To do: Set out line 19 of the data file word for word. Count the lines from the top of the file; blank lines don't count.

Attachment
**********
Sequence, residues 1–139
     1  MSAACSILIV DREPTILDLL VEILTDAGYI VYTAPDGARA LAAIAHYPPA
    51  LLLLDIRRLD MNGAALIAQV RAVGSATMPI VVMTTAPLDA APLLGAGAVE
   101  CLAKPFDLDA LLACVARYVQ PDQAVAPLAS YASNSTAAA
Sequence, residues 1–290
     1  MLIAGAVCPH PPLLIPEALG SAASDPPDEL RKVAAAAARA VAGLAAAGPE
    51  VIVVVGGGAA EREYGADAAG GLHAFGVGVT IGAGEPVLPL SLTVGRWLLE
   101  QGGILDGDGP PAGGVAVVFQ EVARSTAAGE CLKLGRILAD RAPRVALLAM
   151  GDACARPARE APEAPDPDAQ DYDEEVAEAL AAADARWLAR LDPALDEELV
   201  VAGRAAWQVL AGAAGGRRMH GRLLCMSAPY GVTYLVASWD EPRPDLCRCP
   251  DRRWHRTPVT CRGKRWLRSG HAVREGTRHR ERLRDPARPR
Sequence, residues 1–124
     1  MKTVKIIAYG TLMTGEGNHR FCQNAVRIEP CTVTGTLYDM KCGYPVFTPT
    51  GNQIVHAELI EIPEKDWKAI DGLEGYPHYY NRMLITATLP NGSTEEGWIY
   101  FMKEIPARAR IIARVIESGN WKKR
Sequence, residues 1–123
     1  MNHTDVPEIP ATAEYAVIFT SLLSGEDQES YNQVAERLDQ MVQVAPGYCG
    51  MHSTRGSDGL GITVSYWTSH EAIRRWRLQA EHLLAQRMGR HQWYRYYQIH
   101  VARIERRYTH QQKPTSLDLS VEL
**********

   101  VARIERRYTH QQKPTSLDLS VEL